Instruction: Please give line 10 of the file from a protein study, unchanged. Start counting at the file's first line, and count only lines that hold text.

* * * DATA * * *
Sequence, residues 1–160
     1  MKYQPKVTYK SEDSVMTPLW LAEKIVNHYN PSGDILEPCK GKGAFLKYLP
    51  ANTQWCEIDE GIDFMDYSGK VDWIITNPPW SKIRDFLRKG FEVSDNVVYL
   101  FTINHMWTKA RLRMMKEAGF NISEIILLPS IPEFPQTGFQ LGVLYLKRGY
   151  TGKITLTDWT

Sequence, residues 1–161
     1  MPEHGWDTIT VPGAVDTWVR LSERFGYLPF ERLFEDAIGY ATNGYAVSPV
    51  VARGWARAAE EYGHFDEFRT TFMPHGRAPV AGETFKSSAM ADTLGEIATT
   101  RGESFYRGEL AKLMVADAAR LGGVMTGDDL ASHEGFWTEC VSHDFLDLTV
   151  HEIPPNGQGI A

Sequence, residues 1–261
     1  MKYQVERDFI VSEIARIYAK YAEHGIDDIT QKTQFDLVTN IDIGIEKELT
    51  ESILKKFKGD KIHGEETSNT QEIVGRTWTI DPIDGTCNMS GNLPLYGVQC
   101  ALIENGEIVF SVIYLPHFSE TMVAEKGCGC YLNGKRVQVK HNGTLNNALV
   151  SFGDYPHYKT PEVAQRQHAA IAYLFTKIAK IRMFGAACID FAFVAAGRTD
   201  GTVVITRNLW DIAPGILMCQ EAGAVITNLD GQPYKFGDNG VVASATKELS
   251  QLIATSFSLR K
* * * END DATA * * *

   151  HEIPPNGQGI A